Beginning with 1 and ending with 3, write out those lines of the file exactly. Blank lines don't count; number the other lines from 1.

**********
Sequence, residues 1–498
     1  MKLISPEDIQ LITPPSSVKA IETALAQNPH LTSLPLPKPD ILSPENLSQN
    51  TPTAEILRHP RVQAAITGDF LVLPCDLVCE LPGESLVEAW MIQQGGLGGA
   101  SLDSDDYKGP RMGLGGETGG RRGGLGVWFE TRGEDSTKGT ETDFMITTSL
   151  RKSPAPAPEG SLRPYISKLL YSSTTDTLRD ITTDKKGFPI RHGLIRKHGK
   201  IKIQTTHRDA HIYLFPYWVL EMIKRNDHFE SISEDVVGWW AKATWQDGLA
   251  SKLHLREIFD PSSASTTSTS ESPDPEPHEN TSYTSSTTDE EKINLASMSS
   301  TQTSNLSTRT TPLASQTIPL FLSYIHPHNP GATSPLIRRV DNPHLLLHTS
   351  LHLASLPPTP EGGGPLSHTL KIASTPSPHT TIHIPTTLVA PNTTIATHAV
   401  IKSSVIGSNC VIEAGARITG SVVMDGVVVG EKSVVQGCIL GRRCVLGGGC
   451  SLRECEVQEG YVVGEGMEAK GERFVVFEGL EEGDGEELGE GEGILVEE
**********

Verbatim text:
Sequence, residues 1–498
     1  MKLISPEDIQ LITPPSSVKA IETALAQNPH LTSLPLPKPD ILSPENLSQN
    51  TPTAEILRHP RVQAAITGDF LVLPCDLVCE LPGESLVEAW MIQQGGLGGA